Machine Age

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Metalworking machinery
A freight locomotive
Bonneville Dam (1933-37)

The Machine Age[1][2][3] is a term associated mostly with the early 20th century, sometimes also including the late 19th century. An approximate dating would be about 1880 to 1945. Considered to be at a peak in the time between the first and second world wars, it forms a late part of the Industrial Age. By the mid to late 1940s, the atom bomb,[4] the first computers,[5] and the transistor came into being,[6] beginning the contemporary era of high technology and thus ending the intellectual model of the machine age founded in the mechanical and heralding a new more complex model of high-technology.

Universal chronology[edit]

Atomic Age Cold War World War II Nazism New Deal Social liberalism Progressive Era Gilded Age Second Industrial Revolution 1940s Great Depression Roaring Twenties 1910s 1900s (decade) 1890s 1880s

Developments[edit]

Artifacts of the Machine Age include:

Social influence[edit]

  • The rise of mass market advertising and consumerism
  • Nationwide branding and distribution of goods, replacing local arts and crafts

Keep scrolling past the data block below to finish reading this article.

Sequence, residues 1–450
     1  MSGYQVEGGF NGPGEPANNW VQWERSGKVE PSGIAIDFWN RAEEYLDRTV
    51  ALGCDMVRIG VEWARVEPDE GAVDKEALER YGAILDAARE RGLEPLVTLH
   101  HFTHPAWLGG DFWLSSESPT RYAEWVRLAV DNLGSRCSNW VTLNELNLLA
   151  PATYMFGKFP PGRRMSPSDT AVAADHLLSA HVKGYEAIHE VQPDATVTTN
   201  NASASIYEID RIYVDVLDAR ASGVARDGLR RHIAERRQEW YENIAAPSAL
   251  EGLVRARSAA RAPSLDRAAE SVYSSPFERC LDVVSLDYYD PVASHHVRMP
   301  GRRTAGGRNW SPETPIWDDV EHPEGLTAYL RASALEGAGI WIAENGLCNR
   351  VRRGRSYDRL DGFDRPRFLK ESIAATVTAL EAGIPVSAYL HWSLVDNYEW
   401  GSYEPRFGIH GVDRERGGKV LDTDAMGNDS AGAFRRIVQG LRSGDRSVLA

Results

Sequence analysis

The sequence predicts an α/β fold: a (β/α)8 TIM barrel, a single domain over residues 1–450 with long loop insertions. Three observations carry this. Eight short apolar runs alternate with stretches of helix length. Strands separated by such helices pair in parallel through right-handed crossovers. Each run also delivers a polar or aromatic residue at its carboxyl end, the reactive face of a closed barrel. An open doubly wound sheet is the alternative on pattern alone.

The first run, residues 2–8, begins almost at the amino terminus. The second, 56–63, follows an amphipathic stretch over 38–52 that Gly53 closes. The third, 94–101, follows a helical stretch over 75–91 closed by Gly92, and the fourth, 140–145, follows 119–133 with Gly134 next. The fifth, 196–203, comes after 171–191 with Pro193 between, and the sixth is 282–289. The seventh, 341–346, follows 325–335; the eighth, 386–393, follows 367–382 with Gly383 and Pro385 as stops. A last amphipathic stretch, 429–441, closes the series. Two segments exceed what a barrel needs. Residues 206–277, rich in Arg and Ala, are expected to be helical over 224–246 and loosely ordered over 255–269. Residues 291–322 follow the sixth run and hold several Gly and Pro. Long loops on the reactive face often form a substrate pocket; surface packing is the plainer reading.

• Nationwide cultural leveling due to exposure to movies and network broadcasting
  • Replacement of skilled crafts with low skilled labor
  • Growth of strong corporations through their abilities to exploit economies of scale in materials and equipment acquisition, manufacturing, and distribution
  • Corporate exploitation of labor leading to the creation of strong trade unions as a countervailing force

Environmental influence[edit]

  • Exploitation of natural resources with little concern for the ecological consequences; a continuation of 19th century practices but at a larger scale.
  • Release of synthetic dyes, artificial flavorings, and toxic materials into the consumption stream without testing for adverse health effects.

International relations[edit]

  • Conflicts between nations regarding access to energy sources (particularly oil) and material resources (particularly iron and various metals with which it is alloyed) required to ensure national self-sufficiency. Such conflicts were contributory to two devastating world wars.

Arts and architecture[edit]

Nude Descending a Staircase, No. 2 (1912) by Marcel Duchamp displays Cubist and Futurist characteristics

The Machine Age is considered to have influenced:

See also[edit]

References[edit]